If you’ve ever watched a baby grow and learn to touch their toes, crawl, walk and touch their nose, then you’ve observed a brain and body developing its proprioception.
And if you’ve ever been overtired, or inebriated, and you’ve become a little bit clumsy then you’ve experienced firsthand what it’s like to have reduced or impaired proprioception.
And if so, then you know that it’s not just babies that can’t find their nose.
But proprioception is also the body-brain capacity that allows us to adapt to our environment and keeps us from hurting ourselves. It’s keeps us upright. It allows us to step confidently down a stairway or off a curb. And injuries all too often happen when we’re doing very small, “simple” movements.
But the truth is that movement is not ever simple. It’s incredibly sophisticated. Humans, and other animals, make movement look easy, because our brains and bodies are miracles of neurocognitive functioning. Our brains always seem to know how our joints are positioned, what angle our bodies are at, and exactly what constellation of muscle contractions need to happen to keep us upright.1
If you find yourself on the deck of a BC Ferry during a shift in angle, or during large waves, or while turning, you will see hundreds of people unconsciously and near effortlessly shift, balance, step and reach out to recover and keep themselves upright.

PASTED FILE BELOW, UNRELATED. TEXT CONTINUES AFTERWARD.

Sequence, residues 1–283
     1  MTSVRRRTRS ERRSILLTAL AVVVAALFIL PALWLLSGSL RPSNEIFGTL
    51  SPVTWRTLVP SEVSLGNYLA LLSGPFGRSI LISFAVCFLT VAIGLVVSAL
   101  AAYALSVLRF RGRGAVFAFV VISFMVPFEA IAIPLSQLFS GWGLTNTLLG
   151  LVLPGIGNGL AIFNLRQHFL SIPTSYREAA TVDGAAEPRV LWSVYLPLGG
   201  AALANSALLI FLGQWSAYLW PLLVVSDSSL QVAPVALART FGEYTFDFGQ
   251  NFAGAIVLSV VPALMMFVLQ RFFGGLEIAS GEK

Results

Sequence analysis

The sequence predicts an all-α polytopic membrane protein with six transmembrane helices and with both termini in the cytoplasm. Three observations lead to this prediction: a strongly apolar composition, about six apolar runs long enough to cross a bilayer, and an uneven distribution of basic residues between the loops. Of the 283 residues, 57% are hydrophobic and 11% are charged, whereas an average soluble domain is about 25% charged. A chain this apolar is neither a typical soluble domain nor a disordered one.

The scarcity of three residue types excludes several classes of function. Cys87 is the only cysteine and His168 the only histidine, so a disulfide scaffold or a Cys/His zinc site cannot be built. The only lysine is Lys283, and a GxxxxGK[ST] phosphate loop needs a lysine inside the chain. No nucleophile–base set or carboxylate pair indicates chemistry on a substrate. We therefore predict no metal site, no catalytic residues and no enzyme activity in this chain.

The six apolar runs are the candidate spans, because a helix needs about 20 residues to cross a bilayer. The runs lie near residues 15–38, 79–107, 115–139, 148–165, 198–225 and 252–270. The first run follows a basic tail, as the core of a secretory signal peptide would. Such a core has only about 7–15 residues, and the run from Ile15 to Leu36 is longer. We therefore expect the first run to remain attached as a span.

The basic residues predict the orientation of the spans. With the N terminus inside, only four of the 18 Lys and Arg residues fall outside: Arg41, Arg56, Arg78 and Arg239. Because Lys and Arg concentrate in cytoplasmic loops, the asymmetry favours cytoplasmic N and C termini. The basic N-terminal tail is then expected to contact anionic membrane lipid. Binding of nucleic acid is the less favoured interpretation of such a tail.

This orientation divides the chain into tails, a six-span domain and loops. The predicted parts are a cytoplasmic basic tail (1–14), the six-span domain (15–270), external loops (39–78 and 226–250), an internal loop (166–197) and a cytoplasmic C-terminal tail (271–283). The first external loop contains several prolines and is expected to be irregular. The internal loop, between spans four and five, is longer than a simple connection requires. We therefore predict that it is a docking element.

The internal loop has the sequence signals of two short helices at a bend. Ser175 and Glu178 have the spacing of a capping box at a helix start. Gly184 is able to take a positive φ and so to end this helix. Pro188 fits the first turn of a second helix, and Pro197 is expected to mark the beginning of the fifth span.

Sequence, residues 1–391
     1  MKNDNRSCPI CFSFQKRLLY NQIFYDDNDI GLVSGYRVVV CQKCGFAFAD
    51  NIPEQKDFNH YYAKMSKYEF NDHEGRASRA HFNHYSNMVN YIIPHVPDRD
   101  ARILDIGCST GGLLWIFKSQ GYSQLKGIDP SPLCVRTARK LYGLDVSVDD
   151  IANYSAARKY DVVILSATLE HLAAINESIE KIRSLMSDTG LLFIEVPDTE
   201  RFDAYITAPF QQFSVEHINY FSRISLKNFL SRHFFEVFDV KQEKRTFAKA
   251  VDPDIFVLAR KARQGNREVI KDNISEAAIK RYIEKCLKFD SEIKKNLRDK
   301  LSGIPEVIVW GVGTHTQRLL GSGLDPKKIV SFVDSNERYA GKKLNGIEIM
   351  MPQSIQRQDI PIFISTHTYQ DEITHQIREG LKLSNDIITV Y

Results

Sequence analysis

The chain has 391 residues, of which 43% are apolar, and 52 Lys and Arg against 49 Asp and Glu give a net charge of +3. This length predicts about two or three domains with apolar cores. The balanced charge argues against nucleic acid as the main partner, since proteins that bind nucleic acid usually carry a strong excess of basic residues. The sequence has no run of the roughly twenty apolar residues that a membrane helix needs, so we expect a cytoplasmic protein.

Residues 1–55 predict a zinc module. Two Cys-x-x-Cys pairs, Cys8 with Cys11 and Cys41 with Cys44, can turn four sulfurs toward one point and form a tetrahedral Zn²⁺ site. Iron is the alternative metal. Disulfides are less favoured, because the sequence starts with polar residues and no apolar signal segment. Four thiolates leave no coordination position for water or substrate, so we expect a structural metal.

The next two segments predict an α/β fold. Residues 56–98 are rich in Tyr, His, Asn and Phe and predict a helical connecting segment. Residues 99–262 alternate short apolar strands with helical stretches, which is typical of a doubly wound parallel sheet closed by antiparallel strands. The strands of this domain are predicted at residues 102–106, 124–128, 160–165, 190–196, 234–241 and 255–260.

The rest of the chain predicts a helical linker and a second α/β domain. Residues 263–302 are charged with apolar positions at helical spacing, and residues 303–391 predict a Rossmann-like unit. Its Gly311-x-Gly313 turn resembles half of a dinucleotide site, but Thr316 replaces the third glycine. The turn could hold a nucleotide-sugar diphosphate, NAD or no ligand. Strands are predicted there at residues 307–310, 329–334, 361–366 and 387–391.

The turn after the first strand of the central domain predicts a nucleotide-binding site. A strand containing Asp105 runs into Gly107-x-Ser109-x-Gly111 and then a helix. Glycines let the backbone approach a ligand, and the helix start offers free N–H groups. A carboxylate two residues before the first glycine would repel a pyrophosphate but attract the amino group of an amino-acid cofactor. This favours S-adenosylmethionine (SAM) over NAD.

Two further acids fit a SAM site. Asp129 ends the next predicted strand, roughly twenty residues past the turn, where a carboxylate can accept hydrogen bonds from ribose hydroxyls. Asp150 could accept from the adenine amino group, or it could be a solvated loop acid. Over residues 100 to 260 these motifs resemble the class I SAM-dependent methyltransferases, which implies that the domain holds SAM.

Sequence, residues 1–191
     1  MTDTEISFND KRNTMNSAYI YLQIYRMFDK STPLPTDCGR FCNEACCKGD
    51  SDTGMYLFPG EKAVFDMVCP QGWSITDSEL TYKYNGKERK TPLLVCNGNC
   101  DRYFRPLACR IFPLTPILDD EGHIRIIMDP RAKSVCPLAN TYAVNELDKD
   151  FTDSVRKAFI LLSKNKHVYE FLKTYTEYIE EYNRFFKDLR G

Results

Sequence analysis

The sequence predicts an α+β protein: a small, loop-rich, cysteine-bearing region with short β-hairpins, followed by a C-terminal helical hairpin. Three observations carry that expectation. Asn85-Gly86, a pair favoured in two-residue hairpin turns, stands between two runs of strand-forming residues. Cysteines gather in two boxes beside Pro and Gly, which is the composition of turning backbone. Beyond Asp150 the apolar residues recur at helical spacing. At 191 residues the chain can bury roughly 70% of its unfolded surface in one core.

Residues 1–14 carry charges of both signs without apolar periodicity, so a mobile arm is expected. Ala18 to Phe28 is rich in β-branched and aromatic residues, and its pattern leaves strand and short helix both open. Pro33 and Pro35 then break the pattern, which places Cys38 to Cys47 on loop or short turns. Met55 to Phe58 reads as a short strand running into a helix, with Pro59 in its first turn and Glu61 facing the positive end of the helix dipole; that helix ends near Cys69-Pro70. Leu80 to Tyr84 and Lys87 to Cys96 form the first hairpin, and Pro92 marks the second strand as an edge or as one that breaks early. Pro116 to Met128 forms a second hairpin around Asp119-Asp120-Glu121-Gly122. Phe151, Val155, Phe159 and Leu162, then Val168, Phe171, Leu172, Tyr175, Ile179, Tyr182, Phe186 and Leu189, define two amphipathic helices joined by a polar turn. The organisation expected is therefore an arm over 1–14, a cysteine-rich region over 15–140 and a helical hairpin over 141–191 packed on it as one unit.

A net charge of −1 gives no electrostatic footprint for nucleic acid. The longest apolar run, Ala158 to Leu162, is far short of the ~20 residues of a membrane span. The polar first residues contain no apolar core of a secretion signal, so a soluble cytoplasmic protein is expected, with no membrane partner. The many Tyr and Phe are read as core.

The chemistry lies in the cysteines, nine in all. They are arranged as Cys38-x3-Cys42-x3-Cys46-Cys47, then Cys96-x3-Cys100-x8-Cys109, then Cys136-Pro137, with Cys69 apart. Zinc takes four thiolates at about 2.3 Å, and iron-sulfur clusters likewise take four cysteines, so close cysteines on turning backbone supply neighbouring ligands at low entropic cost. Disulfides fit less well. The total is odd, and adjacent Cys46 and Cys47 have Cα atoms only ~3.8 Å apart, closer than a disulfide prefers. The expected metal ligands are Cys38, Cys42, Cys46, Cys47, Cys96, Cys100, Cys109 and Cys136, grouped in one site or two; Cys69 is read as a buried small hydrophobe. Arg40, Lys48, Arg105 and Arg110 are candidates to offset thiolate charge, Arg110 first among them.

But as adept as we are as humans, falls still happen. In fact, falls are a leading cause of death.
“Falls are the sixth or seventh leading cause of death in [America].” – Lewis Lipsitz, Professor of Medicine, Harvard Medical School
Falls are the second leading cause of accidental death worldwide. Almost half a million deaths happen every year from falls, and it’s mostly among adults, 65 and over. And when falls aren’t fatal, they can still result in injury and disability.2
This is why training and movement are an ongoing, lifelong discipline. Whether it’s walking your dog, dancing on the weekends, or taking on a sport, movement is good for your brain.
Athletes can also benefit significantly from working on their fine motor skills and proprioception. Wobble boards and wobble board exercises can help with this. And when athletes come to us with sprains, especially for ankles, and important part of the process is fine motor rehabilitation and proprioceptive work.
But it’s not just about high performance sports.
Here in Victoria, people of all ages and activity levels can seek out gentle activities like Feldenkrais, Alexander Technique and juggling groups. Yoga is a Vancouver Island staple. There are lots of different dance groups, doing cool work.
And there’s a large active community of T’ai Chi practitioners. It’s good for all ages. And it’s slow and gentle and mindful and helps with proprioception significantly. Check out this video by Harvard University on their research on the effectiveness of T’ai Chi and developing balance and brain adaptiveness.